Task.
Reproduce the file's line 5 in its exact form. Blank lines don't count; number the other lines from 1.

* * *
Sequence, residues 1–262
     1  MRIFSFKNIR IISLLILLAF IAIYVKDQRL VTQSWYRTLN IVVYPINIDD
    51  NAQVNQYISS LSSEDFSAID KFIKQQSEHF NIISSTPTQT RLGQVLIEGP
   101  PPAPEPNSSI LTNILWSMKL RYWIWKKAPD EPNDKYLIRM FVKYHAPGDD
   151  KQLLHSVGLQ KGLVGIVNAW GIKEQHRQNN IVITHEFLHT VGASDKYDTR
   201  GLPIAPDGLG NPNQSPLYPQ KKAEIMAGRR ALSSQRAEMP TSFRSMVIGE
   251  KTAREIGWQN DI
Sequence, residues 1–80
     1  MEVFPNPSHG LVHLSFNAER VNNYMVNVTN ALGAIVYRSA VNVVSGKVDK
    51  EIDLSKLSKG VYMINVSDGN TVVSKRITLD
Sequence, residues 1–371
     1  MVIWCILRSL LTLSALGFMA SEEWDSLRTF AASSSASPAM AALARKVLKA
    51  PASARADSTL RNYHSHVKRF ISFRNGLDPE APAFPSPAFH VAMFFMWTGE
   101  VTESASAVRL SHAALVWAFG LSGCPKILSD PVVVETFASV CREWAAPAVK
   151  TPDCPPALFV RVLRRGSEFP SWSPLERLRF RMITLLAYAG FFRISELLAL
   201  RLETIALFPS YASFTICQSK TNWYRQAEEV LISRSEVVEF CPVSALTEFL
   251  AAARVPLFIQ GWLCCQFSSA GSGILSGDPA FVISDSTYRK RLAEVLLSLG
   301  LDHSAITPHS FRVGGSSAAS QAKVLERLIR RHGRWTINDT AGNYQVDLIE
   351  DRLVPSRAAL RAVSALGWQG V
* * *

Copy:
   151  KQLLHSVGLQ KGLVGIVNAW GIKEQHRQNN IVITHEFLHT VGASDKYDTR